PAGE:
We review the hemodynamic, metabolic and cellular parameters affected during early ischemia and their changes as a function of approximate cerebral blood flow ( CBF) thresholds. These parameters underlie the current practical definition of an ischemic penumbra, namely metabolically affected but still viable brain tissue. Such tissue is at risk of infarction under continuing conditions of reduced CBF, but can be rescued through timely intervention. This definition will be useful in clinical diagnosis only if imaging techniques exist that can rapidly, and with sufficient accuracy, visualize the existence of a mismatch between such a metabolically affected area and regions that have suffered cell depolarization. Unfortunately, clinical data show that defining the outer boundary of the penumbra based solely on perfusion-related thresholds may not be sufficiently accurate. Also, thresholds for CBF and cerebral blood volume ( CBV) differ for white and gray matter and evolve with time for both inner and outer penumbral boundaries. As such, practical penumbral imaging would involve parameters in which the physiology is immediately displayed in a manner independent of baseline CBF or CBF threshold, namely pH, oxygen extraction fraction ( OEF), diffusion constant and mean transit time ( MTT). Suitable imaging technologies will need to meet this requirement in a 10-20 min exam.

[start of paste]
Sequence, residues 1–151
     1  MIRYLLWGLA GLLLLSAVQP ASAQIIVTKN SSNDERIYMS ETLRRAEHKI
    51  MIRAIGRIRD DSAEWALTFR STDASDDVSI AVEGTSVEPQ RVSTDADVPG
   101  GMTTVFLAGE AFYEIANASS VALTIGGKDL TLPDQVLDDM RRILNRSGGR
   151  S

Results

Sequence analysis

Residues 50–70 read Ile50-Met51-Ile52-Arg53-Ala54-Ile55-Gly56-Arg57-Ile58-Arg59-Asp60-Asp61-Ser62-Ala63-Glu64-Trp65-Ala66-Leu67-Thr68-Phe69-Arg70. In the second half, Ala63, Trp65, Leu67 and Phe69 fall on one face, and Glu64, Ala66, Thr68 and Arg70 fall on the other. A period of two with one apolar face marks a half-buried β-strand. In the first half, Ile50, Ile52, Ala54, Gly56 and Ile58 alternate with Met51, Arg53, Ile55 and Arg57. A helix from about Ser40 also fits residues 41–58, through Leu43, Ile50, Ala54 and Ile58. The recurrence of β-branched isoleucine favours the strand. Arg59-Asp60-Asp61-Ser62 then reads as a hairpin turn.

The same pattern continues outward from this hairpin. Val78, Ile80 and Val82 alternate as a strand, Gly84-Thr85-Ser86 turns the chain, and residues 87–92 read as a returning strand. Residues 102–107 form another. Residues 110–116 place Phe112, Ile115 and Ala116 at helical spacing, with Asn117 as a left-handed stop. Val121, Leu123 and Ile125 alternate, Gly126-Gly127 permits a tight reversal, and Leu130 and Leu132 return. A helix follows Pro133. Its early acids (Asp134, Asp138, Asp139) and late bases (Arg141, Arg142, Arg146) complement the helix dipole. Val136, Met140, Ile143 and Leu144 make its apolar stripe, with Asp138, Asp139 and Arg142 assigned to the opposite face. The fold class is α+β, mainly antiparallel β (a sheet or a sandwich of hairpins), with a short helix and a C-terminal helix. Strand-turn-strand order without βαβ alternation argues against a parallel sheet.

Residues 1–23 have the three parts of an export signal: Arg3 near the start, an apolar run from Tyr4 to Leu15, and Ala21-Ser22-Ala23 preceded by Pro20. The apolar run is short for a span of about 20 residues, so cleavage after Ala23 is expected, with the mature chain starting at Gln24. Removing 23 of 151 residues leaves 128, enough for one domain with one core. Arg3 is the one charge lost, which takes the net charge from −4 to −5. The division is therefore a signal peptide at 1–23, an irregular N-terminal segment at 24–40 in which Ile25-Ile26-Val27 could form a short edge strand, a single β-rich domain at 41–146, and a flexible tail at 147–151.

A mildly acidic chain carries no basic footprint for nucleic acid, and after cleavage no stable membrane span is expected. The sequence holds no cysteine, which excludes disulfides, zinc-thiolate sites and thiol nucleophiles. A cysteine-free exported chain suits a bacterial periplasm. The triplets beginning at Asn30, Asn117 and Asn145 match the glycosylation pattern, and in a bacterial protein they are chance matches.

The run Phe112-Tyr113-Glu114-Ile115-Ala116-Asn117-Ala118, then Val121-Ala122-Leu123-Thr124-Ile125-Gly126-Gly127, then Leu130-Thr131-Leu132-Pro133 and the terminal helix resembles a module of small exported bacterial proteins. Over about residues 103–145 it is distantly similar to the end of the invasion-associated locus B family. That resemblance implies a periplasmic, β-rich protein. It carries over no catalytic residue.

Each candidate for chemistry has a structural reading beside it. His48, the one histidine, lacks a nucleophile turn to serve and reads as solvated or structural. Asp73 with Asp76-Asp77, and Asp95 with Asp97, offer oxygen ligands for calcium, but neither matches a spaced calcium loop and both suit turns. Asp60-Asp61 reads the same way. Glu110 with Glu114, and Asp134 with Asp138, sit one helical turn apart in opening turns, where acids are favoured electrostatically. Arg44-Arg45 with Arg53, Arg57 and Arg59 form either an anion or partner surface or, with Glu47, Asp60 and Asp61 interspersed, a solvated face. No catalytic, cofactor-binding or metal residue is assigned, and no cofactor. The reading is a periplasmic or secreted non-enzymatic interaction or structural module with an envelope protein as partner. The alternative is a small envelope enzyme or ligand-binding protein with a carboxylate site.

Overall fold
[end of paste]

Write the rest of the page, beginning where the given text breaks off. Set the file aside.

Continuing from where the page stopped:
Keywords: Acidosis; MRI; ischemic penumbra; metabolism; pH; perfusion; physiologic evolution.